It took me a little longer to get into this novel than the previous one in the series, probably because of the father-son conflict - it is such a common trope that I've developed a bit of an allergy to it through overexposure. But as the story developed and other layers were added, I became quite happily engaged with the story and its themes.

And I'm becoming quite intrigued with the ideas that Gladstone is working with in these novels. So far, in addition to the obvious question of the role and importance of faith in human nature, there are definite issues of the nature of good governance and the way that people, governments, financial systems and ecologies are interconnected. The legal language of the Craft and the flows of energy, devotion and 'soulstuff' in the novels are literalisations of the way that multiple systems in societies, and multiple societies, are entwined and affect one another. Very interesting stuff.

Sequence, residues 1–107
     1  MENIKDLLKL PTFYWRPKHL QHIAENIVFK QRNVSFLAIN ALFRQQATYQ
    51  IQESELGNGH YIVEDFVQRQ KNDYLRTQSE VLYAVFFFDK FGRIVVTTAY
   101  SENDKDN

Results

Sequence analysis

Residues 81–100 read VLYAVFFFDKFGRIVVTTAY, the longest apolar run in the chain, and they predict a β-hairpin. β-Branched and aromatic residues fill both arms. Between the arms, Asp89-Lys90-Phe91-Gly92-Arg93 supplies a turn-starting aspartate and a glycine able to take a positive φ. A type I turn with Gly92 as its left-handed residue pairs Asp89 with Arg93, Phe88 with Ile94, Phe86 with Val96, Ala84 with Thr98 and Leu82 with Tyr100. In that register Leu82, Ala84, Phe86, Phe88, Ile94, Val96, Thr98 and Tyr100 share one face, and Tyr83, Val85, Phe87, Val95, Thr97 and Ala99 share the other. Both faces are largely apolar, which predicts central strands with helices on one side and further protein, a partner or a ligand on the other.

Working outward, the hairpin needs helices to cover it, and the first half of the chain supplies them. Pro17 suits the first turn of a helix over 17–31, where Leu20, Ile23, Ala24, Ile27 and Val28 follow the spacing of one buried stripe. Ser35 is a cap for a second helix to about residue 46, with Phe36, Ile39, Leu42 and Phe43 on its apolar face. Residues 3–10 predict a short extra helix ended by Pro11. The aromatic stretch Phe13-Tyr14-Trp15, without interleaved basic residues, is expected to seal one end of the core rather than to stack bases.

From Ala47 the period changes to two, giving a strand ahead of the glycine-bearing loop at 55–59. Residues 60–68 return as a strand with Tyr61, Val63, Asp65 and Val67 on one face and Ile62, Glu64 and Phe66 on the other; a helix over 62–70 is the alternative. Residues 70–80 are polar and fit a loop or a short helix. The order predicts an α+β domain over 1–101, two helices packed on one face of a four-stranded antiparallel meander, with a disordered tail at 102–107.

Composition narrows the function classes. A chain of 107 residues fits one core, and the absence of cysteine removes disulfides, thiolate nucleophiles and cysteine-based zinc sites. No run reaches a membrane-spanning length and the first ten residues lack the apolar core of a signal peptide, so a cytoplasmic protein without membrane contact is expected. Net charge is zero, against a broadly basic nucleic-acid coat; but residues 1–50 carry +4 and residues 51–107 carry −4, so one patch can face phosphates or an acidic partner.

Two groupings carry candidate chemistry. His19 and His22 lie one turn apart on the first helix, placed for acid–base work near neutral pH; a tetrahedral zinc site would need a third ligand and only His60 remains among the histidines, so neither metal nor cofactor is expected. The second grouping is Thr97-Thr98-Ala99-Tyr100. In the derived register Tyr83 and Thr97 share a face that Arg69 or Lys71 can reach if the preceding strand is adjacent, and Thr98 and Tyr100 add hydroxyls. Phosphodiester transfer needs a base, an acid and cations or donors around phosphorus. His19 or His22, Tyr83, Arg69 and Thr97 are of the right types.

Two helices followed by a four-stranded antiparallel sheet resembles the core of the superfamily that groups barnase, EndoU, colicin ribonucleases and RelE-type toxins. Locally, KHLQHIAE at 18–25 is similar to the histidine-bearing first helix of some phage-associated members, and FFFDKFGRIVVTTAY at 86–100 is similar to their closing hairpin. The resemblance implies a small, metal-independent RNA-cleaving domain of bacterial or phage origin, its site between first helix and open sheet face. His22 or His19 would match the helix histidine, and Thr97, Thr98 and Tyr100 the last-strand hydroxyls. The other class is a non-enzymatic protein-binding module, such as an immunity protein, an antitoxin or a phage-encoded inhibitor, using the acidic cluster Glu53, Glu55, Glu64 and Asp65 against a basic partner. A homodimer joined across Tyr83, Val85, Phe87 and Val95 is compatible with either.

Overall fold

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The world of Max Gladstone's Craft Sequence fantasy novels is a unique one, where black magic, religion and law are intertwined, and the practices of both faith and Craft rely on a structure of legal contracts that bind both human and divine energies. There are real gods (though not so many as there once were, since the God Wars) whose obligations to and receipt of devotion from followers are bound by contracts, contracts to grant power in return for worship. Craftsmen and Craftswomen are magician-lawyers who use their own human energies to work magic, and who are called on to execute, negotiate, record, oversee, and when necessary litigate contract issues involving both humans and gods. Using the language of law, with its complexity and precision, to describe and constrain transactions of magical and divine power reminded me of Diane Duane's Young Wizards books, where a kind of symbolic mathematics is used in much the same way.